Switzerland’s new 10-franc note (worth about $10.25), third in the
new Swiss series, entered circulation on Oct. 18, and with the
exception of its yellow color, it could not be more different from the
note it replaces, including its smaller size. It joins the already
issued 20- and 50-franc notes.
The Swiss National Bank decided that its ninth bank note series
would not show individuals, but would instead focus on typically Swiss
characteristics. “The many facets of Switzerland” theme illustrates a
different topic on each denomination. The trait featured on the
10-franc note is Switzerland’s organizational talent, reflected
through the key motif of “time.”
Astute collectors find that buying a ‘problem
coin’ can be a bit of a balancing act, but the rewards can be great.
Also in our Nov. 6 issue, Michael Fahey offers some tips on
grading Mint State Barber half dollars.
A hand and a globe, what the bank refers to as “core elements,”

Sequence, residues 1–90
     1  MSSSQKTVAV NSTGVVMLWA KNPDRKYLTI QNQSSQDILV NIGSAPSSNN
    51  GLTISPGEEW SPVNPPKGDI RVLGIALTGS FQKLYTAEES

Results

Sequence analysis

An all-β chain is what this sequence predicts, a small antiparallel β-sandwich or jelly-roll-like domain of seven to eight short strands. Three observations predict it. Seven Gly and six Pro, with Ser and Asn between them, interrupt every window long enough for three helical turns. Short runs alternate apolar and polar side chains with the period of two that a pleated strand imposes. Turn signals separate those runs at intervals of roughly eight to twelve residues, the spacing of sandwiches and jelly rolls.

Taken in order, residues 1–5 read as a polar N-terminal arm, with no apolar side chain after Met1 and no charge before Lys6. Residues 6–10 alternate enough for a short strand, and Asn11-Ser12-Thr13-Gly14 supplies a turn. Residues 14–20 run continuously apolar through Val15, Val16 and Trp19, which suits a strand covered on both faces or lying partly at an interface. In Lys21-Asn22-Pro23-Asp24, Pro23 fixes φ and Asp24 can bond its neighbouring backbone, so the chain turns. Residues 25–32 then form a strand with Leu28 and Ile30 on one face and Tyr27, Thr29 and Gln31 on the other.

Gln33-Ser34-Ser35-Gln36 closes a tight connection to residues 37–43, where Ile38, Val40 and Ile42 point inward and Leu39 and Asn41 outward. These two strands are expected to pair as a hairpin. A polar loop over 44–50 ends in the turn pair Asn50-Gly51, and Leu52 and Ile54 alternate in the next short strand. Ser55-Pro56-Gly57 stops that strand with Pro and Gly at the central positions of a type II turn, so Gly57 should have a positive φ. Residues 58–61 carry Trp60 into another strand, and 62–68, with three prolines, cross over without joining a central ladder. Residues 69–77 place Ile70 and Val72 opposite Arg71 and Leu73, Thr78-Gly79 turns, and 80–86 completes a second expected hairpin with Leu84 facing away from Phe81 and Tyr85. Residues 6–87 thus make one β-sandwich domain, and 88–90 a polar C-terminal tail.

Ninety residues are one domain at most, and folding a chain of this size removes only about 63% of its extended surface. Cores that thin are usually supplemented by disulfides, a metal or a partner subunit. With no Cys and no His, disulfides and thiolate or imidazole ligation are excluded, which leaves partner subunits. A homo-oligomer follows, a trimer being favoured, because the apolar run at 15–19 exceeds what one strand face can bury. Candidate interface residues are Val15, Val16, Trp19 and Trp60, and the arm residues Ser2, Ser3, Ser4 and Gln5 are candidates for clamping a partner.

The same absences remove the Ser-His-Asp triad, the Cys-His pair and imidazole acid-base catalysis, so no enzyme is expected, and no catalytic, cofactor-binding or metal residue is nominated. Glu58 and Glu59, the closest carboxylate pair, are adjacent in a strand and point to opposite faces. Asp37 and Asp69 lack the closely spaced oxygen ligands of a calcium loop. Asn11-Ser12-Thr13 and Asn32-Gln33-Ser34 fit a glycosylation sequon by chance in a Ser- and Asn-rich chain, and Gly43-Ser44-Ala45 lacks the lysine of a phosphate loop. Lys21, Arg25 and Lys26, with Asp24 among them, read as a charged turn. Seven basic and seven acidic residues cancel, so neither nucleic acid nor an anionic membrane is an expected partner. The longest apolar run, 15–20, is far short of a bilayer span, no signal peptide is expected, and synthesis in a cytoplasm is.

appear on every denomination but are used differently on each. On the
face, the hand is that of a conductor holding a baton and setting the
tempo, and the shimmering globe is made to show time zones. The
background is composed of faint clock faces. The security strip on the
note’s bottom half shows a map of the Swiss rail network and its
longest tunnels, that when tilted backwards appears in rainbow colors.
Connect with Coin World:
up for our free eNewsletter
Like us on
us on Twitter
The back is dominated by a rail tunnel, symbolic of the rail
network, famous for running smoothly thanks to good organization and
precise timekeeping. Above the tunnel is a watch movement that
represents Switzerland’s strong talent for organization, a trait that
goes hand in glove with timekeeping. The lines in the background map a
portion of the national rail network.
At least 16 different security features are in use on the six notes
in the new series, which are printed on a three-layer substrate know